By Ronald Ahrens
As with yesterday’s post, we’re working from a photo sent by Kim Cooper, a friend of this blog who happens to have grain elevators in his heritage, too. He likes to incorporate them into his superb, plein air landscape paintings.
Sometimes Cooper sends pictures.
“Here’s one from Firth, Nebraska,” he said. “Looks like a rounded top.”
Indeed, the rounded headhouse was the signature on Tillotson Construction Co.’s elevators after about 1950.
But other builders could have used this style. We see no mention of Firth in Tillotson’s records. We see Minatare (1941), Rushville (1947), Polk and Richland (1948), Hordville (1949), Bellwood (1950), Cedar Bluffs (1950), Aurora and Omaha and Wahoo (1950), Greenwood and David City and York (1951), Fairfield (1952), Bellwood (340,000 bushels of storage in 1954), and Waverly (1955).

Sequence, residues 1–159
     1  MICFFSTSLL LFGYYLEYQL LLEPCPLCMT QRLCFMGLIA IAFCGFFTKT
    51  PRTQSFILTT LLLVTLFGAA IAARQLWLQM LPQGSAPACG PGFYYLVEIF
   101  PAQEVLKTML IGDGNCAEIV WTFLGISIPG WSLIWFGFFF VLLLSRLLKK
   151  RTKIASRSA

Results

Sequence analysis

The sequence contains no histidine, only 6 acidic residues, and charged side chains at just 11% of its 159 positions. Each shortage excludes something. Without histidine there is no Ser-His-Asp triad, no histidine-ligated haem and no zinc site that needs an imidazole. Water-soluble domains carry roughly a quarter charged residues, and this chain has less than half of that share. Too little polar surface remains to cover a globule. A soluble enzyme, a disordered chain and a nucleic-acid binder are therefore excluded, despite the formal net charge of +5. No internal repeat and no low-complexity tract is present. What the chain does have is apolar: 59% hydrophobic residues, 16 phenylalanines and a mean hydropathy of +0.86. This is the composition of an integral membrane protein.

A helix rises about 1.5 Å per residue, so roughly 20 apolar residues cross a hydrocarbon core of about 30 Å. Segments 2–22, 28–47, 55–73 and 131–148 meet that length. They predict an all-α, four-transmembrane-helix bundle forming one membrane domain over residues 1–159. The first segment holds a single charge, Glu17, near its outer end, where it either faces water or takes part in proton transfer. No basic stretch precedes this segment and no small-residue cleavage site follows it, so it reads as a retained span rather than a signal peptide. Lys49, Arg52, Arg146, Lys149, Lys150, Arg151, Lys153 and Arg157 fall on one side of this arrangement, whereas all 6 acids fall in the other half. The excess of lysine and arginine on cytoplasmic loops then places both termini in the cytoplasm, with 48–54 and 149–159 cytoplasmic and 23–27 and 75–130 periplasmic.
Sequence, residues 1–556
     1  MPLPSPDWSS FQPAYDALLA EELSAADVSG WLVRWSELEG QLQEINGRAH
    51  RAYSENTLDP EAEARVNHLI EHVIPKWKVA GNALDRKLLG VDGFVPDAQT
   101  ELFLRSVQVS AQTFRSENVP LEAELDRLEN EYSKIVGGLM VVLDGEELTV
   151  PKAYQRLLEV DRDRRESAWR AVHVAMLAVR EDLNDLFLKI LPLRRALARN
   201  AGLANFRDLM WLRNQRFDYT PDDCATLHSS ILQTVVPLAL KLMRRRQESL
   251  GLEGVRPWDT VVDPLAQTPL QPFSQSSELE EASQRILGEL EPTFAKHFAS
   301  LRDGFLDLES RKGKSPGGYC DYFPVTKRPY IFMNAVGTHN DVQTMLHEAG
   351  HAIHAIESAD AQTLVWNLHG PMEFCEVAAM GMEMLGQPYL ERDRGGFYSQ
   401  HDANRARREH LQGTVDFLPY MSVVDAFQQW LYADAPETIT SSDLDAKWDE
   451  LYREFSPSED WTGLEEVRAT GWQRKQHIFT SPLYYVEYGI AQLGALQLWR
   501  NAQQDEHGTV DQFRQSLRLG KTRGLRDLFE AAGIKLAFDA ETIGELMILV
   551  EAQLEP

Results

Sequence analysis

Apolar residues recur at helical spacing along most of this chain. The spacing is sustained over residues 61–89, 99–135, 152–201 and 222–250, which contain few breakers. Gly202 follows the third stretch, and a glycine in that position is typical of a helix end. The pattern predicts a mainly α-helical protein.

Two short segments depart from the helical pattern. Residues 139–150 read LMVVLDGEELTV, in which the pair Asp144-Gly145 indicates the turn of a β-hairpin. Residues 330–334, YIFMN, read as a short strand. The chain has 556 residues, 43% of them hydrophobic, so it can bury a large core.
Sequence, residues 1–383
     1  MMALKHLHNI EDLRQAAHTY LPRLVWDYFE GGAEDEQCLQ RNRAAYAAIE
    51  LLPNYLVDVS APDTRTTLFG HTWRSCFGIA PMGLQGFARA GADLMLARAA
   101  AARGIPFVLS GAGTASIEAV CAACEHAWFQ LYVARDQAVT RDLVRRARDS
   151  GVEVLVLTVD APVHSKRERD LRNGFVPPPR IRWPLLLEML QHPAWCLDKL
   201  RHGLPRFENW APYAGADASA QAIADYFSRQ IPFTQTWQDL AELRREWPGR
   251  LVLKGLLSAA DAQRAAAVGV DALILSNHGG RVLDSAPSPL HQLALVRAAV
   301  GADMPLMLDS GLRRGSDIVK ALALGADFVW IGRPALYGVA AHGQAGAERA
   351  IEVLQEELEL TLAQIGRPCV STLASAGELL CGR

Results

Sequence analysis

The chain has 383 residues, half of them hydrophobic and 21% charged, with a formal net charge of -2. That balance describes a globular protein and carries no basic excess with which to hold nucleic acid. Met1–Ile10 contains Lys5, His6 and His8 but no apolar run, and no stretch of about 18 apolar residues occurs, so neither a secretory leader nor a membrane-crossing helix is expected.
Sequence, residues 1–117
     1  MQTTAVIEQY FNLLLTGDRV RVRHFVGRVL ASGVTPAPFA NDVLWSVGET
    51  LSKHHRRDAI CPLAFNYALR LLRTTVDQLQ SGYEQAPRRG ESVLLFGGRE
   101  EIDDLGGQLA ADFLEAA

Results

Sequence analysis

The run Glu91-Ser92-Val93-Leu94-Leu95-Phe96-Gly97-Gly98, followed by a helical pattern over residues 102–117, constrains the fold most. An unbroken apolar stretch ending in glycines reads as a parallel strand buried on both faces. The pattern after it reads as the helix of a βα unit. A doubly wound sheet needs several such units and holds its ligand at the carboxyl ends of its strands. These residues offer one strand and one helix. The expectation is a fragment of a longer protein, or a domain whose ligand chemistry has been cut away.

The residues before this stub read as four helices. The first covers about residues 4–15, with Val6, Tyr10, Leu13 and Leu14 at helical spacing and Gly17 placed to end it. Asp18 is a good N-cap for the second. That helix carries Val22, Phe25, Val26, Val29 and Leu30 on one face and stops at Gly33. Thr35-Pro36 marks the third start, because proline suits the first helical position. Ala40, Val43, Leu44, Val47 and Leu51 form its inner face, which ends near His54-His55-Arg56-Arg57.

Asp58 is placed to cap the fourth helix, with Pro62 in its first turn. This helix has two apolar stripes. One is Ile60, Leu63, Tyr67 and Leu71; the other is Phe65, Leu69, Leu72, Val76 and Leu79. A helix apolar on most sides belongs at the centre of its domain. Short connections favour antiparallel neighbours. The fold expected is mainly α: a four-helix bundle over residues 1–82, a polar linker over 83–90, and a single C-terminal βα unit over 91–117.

That’s 15 locations. Tillotson built far more elevators in Iowa and Oklahoma than in the company’s home state of Nebraska. But 15 isn’t bad. Based on anecdotal information we also suspect a couple of other locations.
But after calling up Dennis Kenning, we’ve ruled out Firth as an unrecorded job by Tillotson. Kenning is sales and marketing manager for Farmers Cooperative, which has headquarters in Dorchester, Neb. and dozens of elevators throughout southeastern Nebraska.
Kenning expressed curiosity, looked into the matter, and emailed his findings:
“Here’s what we found out,” he wrote.
- Constructed sometime in the ’60s
- Roberts Const Co.
- Hutchinson Foundry & Steel
- Sabetha, Kansas
We found Roberts Construction Co. located in Axtell but were unable to reach them. The question arises about Roberts’ design source–were there any Tillotson connections?